Saturday 12th May – Cruising up the Lokanaal to Veurne was absolutely beautiful – lovely sunny day, no other boat traffic and very attentive lock keepers to open the 2 locks and 5 lifting bridges. Its not a big canal, reminiscent of the Canal des Vosges in France. Just lovely!
Entrance to the moorings at Veurne is interesting as the lock is at 180 degrees to the direction in which we were travelling – interesting U- turns for both boats – and the lock just about long enough for the two of us. We got round and through and moored on a long pontoon together. We don’t seem to have had any problems mooring the 2 boats even though we are about 40 metres long altogether!
Veurne is a small town with a pretty central square surrounded by typical Belgian buildings with gabled roofs. We ate out on Saturday evening in the square. Busy place, very good food but, for once, a snotty waitress! So unusual in Belgium as we have always had friendly service before. On Sunday Adrian and I decided to play tourists, visiting the Cathedral, Town Hall and museum. Unlike so many places we have visited in the Westhoek area Veurne was not totally destroyed during the First World War so that the buildings not only look old, they are old!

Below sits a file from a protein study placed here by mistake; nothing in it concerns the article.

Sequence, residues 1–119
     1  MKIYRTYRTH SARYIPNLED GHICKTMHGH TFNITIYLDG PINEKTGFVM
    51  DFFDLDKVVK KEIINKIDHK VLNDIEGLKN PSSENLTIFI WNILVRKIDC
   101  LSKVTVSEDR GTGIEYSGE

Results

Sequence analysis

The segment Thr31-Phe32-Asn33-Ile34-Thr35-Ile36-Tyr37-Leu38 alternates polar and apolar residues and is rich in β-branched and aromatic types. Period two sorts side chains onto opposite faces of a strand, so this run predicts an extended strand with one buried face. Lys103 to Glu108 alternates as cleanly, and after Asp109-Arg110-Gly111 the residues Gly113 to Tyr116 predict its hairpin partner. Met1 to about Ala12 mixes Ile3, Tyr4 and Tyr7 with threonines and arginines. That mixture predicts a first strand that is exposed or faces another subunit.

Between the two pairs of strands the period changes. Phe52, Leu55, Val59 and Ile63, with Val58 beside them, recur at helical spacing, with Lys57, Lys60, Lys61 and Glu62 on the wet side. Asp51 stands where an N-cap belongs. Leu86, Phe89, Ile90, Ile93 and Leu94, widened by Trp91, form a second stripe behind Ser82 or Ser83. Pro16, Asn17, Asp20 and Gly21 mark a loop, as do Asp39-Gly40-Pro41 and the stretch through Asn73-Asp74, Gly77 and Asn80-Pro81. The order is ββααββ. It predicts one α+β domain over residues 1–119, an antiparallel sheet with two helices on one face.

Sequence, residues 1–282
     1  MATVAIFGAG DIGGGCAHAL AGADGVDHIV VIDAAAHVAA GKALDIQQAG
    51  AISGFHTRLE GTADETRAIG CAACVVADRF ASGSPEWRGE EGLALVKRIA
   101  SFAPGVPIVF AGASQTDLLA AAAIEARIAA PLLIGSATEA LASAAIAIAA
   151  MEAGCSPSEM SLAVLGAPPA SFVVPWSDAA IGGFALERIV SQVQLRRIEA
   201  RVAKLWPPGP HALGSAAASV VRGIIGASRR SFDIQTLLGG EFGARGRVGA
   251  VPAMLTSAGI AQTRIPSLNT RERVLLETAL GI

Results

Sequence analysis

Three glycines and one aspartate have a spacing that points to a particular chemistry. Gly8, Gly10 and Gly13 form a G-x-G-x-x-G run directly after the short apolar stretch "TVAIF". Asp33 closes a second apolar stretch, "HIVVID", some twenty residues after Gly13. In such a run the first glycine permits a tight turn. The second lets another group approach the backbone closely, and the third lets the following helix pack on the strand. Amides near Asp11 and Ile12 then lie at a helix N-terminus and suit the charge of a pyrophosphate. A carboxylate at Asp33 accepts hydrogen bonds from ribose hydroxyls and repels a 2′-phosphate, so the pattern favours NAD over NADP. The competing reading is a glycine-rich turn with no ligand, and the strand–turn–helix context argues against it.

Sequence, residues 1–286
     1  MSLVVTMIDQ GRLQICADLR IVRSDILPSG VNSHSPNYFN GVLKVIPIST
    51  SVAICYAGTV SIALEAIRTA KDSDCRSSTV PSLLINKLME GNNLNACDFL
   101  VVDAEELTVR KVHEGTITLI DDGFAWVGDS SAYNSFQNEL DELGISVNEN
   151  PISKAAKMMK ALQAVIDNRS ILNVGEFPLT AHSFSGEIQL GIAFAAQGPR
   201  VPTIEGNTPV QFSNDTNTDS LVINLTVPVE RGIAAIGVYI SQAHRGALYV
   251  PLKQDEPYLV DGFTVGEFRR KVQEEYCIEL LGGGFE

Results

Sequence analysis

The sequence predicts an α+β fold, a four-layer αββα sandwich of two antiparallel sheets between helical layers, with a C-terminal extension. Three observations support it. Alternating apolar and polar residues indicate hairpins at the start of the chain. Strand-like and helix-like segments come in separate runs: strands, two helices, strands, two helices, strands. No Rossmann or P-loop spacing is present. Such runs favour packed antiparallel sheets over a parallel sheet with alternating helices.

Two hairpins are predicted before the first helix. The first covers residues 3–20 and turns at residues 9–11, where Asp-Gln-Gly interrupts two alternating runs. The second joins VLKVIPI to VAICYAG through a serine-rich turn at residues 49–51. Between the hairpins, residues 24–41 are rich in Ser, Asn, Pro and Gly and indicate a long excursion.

The Stadhuis (Town Hall), built in the Flemish renaissance style, dates back to the 15th century. The walls in the wedding room are lined with tooled leather (18th century) & the Blue room is lined with blue ‘camelotte’ relief velvet.
The Cathedral has impressive stained glass windows – Just love stained glass windows!
The Vrij Vaderland (Free Fatherland) museum, housed in the former Town & Viscounty Hall, does not focus on the battlefields but on the last remaining section of Belgium that was not occupied by the Germans – the Belgium sector. Veurne was the only unoccupied Belgian city. From here King Albert I, former king of the Belgians and head of the army, succeeded in withstanding the German occupying forces. He was clearly a ‘hands on’ monarch and visited and led the Belgian forces himself. His wife, Queen Elizabeth, was also very involved in the war effort supporting hospitals and schools in the area. Marie Curie and her daughter also came to the hospitals here, helping the patients and staff and bringing an early x-ray machine (La Petite Curie).
After a hard afternoon’s touristing we rewarded ourselves with a really delicious gauffre in one of the cafes on the square!